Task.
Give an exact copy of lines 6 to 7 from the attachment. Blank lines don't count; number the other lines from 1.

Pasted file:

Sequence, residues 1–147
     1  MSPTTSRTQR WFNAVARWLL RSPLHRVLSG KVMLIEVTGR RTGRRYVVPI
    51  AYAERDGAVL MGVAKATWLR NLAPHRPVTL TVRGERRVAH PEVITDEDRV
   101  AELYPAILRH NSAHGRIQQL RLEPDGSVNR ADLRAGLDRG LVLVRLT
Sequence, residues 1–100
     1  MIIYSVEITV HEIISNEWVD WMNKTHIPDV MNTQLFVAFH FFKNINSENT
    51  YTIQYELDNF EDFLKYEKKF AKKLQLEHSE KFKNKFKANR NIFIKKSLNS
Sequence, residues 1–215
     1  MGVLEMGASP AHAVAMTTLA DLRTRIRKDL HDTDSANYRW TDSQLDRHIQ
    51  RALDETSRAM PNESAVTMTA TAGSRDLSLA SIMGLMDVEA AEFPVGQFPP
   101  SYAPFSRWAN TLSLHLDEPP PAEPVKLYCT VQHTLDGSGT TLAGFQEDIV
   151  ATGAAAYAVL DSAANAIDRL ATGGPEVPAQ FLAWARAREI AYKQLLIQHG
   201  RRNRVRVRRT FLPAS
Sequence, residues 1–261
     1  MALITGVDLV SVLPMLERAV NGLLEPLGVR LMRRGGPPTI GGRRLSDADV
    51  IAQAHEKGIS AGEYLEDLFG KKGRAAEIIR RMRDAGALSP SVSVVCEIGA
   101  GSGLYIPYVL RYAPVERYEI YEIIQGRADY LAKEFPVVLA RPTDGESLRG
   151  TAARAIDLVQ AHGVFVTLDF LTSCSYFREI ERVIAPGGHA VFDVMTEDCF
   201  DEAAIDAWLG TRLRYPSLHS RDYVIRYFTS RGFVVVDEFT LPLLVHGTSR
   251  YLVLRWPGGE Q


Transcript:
     1  MIIYSVEITV HEIISNEWVD WMNKTHIPDV MNTQLFVAFH FFKNINSENT
    51  YTIQYELDNF EDFLKYEKKF AKKLQLEHSE KFKNKFKANR NIFIKKSLNS